AFTER a year that started with promises of a first World Cup appearance in 30 years, but could now end in relegation to the second-tier of African rugby, Zimbabwe’s captain Denford Mutamangira has leapt to the defence of coach Peter de Villiers, who has come under fire for horribly misjudging African opponents to the detriment of the Sables.
By Enock Muchinjo
Zimbabwe have sank closer and closer to the danger of finishing their 2018 Africa Gold Cup campaign without a win when they clash with Uganda in Kampala tomorrow in both teams’ final match of Africa’s premier international competition.
The Sables have lost to Kenya, Tunisia, Namibia and drawn with Morocco this season in a dismal campaign that has left in tatters the reputation of the former Springboks coach.
Selection has been the biggesr source of criticism against de Villiers. The South African has doggedly kept faith in a core group of young players, mainly locally-based, who found the going extremely tough against African nations that have put money where their mouths are — investing substantially into domestic structures that now produce players superior to Zimbabwe’s.
Particularly mind-boggling, when it comes to selection, is that the team’s band of sponsors had made a commitment to dig deep into bags of resources to fly in all foreign-based professionals as requested by the coaching staff.
It is an issue neither de Villiers nor the Zimbabwe Rugby Union leadership are yet to publicly address.
However, Mutamangira feels that such flak against the coach is unwarranted, saying his selection base was limited to players within his range of sight.
“Well, look at it from a different angle,” said Mutamangira. “If you are a coach coming into a new system, who would you rather work with? The people that you hear about, or those that you can see on the ground? He was being told of players that he had never seen. I think that is where the issue was. For him it was like ‘I would rather work with people I can see physically. And I know where they stand’. We know there are foreign-based players, but there is not footage or anything of them. Fine, there are those that are tried and tested, but there were new (foreign-based) guys who were also coming through. This is the discussion I heard. Look, I am not a coach, but that was the issue. You hear names, but you have never seen them.”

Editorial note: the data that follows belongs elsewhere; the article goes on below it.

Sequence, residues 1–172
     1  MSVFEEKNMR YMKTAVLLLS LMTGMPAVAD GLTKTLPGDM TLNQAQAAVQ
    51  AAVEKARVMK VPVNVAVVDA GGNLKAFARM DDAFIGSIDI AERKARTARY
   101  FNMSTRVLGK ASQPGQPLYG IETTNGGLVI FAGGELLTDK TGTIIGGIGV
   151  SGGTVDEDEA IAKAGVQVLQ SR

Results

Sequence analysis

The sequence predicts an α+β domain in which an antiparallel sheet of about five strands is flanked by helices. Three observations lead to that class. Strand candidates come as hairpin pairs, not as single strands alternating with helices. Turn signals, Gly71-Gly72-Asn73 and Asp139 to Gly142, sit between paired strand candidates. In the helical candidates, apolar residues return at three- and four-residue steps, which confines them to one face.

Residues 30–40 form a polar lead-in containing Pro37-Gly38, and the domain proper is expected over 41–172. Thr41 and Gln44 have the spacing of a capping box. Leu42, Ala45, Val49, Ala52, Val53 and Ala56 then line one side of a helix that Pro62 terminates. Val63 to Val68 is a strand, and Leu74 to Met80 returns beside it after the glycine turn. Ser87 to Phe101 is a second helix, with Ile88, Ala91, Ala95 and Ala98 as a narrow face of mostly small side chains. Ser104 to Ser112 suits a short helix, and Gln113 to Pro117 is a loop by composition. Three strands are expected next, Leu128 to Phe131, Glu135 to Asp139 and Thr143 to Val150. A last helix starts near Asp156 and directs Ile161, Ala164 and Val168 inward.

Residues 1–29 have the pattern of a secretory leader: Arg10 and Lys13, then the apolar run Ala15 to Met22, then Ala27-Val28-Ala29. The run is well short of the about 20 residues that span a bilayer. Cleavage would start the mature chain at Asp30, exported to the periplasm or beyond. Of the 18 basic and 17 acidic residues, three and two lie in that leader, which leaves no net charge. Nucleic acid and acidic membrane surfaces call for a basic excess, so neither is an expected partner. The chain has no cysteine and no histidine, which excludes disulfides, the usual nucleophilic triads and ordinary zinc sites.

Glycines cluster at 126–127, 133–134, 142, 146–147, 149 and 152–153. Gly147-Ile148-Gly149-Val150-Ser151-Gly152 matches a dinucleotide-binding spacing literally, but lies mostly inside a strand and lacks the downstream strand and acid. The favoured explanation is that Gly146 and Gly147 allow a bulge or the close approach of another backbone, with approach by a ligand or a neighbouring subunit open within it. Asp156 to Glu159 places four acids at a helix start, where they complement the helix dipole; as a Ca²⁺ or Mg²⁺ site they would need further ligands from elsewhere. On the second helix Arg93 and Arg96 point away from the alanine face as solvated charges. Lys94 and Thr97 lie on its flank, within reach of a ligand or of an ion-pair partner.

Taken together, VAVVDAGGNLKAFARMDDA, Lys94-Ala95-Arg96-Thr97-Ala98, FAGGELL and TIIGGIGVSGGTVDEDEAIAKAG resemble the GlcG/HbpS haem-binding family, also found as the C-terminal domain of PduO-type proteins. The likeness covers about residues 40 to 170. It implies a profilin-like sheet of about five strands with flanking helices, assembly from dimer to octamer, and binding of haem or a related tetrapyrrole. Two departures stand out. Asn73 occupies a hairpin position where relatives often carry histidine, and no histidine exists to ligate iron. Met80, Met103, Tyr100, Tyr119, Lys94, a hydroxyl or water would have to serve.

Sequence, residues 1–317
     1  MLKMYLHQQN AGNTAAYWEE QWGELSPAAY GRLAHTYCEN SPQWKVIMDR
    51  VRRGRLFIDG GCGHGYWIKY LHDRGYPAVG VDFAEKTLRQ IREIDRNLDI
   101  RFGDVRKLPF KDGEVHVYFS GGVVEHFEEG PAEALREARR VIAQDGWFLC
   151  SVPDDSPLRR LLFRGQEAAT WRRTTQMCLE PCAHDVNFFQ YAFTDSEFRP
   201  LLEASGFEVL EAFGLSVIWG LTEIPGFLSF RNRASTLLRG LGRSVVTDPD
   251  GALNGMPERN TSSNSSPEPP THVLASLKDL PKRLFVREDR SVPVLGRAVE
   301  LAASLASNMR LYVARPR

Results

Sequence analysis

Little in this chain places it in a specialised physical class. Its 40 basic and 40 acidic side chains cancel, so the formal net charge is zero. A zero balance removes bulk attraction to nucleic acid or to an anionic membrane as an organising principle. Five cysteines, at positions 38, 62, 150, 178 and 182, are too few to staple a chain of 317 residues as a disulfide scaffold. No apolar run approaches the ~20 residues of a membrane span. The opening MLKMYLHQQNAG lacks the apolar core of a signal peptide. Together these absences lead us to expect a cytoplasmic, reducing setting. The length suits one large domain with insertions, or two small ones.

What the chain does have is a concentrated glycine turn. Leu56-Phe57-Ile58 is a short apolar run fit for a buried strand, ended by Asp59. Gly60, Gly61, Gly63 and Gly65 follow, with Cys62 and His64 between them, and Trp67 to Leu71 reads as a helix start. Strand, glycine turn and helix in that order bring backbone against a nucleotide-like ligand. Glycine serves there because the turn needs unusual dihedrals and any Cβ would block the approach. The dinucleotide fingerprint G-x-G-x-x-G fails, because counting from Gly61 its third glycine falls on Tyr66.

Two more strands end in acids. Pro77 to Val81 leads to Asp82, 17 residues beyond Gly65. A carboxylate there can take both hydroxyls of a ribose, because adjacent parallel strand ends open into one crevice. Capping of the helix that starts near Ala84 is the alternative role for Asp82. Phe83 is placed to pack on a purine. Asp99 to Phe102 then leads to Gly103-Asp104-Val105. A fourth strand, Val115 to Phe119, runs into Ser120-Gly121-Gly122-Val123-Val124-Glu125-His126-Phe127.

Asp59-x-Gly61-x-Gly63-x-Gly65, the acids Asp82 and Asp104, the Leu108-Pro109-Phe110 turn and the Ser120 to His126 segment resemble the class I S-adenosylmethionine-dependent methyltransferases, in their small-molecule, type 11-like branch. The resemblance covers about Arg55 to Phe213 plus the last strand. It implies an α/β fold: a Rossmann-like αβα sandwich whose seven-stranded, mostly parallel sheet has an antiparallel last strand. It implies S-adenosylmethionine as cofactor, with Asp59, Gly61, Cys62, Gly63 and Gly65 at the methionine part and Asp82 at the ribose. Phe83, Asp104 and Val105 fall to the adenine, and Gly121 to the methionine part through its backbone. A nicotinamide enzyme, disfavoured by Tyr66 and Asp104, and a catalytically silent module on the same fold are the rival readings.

In defending team selection, Mutamangira however gave an important insight into how Zimbabwe have been so poor in the campaign.
The multiple-capped loose-head prop – who hit the 50-Test mark this season – seemed to suggest that the available players not only showed the coach a wrong picture of their ability, but lacked the overall right attributes to execute de Villiers’ game plans, especially in match situations.
“The way we prepared, the way he (de Villiers) wanted us to play, the way we executed in training – you would not think that the guys that were there were not good enough,” said the 33-year-old front rower. “But when it comes to games, that is when you see that ‘he does not have this, he does not have that’. That is when you see that a particular player needs to grow more in a certain area.”
The Harare Sports Club stalwart also reserved some praise for the young squad amidst the gloom, particularly in light of scornful remarks directed at the current Sables crop.
“It is a new generation of players compared to those (previous) guys,” Mutamangira said. “Look at the backgrounds as well. It is completely different. We had a meeting where I said ‘guys, in terms of skills and talent, you have. The difference is character. But character is not the coach’s job, it is something in you. You need to step up. Talent alone will not take us where we want. Let me give you an example from the previous team. A guy like Prayer (Chitenderu). He was not the most talented guy, but he would give you 200 percent. I believe in you, I believe the coach did not make a mistake. It is high time you showed the country what you can do and repay the faith the coach has put in you’. That is what I said.”